Summertime can be a time of joy and relaxation. But for many young students, particularly disadvantaged youth, summer vacation often results in too much time spent on the couch and a loss of months of grade-level equivalency.
Following De La Salle’s commitment to education as a means to transform lives, Manhattan College’s School of Education and Health partnered with DREAM Charter School in East Harlem to establish DREAM University (DU), a five-week academic and athletic enrichment program for rising seventh graders held on Manhattan College’s campus.
“We often conceptualize the Lasallian mission and how to pair it with the challenges of urban education,” says Shawn Ladda, Ph.D., professor of kinesiology, who helped establish the program at the College. “DU is living proof of how the two can thrive together.”
DU, which was launched in July, is designed to ensure students maintain or increase their reading and math literacy while also maintaining an active, healthy lifestyle through guided sport sessions.
Alumnus Brett Fazio ’99, dean of DREAM, developed the program with Ladda and William Merriman Ph.D., dean of the School of Education and Health, as well as DREAM’s parent organization Harlem RBI.
“We want to prevent reading and math literacy summer regression, and this year we offered a health component,” Fazio says, noting the importance of health education at this stage in adolescent stage. “What is equally important is giving our DU participants a real college experience: going to class, feeling what it’s like to sit and learn in a college classroom and realizing that graduating from college is attainable.”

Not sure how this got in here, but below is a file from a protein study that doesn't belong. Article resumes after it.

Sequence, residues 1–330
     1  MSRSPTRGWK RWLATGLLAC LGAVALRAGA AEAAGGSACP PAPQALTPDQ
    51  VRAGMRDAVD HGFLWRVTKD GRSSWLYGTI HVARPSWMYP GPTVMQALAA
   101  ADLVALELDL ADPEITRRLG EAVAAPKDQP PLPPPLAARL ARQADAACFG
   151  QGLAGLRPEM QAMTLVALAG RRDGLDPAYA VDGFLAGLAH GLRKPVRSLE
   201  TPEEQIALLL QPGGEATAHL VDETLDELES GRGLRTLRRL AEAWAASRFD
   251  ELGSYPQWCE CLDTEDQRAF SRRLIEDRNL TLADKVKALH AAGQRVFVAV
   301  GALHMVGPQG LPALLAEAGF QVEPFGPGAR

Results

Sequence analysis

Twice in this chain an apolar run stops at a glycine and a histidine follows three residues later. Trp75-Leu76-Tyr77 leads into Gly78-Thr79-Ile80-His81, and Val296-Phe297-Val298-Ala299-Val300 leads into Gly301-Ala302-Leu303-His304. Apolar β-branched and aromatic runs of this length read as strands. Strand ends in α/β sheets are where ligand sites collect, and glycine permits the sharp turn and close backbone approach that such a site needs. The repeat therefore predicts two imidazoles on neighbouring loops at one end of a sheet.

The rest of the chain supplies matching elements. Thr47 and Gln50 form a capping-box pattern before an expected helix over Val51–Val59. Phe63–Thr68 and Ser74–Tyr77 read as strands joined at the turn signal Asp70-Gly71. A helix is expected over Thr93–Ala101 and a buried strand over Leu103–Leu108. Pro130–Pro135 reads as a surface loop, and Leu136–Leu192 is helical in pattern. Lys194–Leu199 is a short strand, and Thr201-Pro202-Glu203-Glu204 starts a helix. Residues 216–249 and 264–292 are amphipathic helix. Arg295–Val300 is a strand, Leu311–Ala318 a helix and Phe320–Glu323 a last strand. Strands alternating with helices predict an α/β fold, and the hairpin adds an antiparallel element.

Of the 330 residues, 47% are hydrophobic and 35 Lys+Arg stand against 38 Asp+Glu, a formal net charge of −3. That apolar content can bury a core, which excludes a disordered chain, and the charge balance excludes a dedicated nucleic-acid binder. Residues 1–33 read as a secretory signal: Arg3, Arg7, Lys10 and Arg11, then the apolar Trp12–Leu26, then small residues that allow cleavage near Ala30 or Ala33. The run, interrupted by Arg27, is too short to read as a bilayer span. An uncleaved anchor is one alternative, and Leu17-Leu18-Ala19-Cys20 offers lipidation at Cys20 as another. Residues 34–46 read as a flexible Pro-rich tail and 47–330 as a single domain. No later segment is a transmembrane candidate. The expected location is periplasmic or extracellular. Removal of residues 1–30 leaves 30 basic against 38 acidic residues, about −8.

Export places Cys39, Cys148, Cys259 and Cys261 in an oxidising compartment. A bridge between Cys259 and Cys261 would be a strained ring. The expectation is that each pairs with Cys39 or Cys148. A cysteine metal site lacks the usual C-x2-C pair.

Fazio, who graduated with a bachelor’s degree in physical education in 1999, joined DREAM because he was attracted to the school’s health and wellness approach. Over the years he’s built a Jasper dream team; Kaitlin Rodriguez ’11 and Christine Scott ’13 head up the school’s physical education department.
He chose a similar strategy when it came to DU, employing five education students as teaching assistants for the program: physical education major Angel Martinez ’16, secondary education major Andy Gonzalez ’17, and elementary education/special education majors Alison Sweeney ’15, Lendita Drenica ’15 and Sarah Fitzgerald ’14.
Each of the five participating Jaspers received pre-program instruction and mentoring from Fazio and his fellow DREAM educators in addition to a stipend. As part of their duties, the teaching assistants worked to uncover each student’s learning style and assembled that information into what Fazio calls a “roadmap to success.” This information will be disseminated to their seventh grade teachers who can use it to inform lesson plans from the very beginning of the year.
“One discovery I have made this summer is the incredible benefit of small class sizes,” says Fitzgerald, who served as a teaching assistant. “I had 13 to 14 students in my group each day and I got to know each student on a personal level. It helped me better understand how they learned best and what I could do to assist them in all subjects.”
Martinez, who served as the physical education coach, was in charge of teaching the students sports that DREAM will be implementing this fall.
“DU was a great experience because it let me put into practice what I’ve learned in class,” he says. “I’ve discovered a lot from working with the kids but I’ve also learned from Dr. Ladda. It’s been good to hear her feedback and then be able to put that into practice.”
With newfound confidence in the classroom, both Fitzgerald and Martinez plan to stay local to continue working with similar New York City communities after graduation.
“Interacting and seeing the positive influence that you have with these kids at a crucial age is so rewarding,” Martinez says.
Fitzgerald adds, “I am finishing up my certifications now, and I cannot wait to go on to become a teacher!”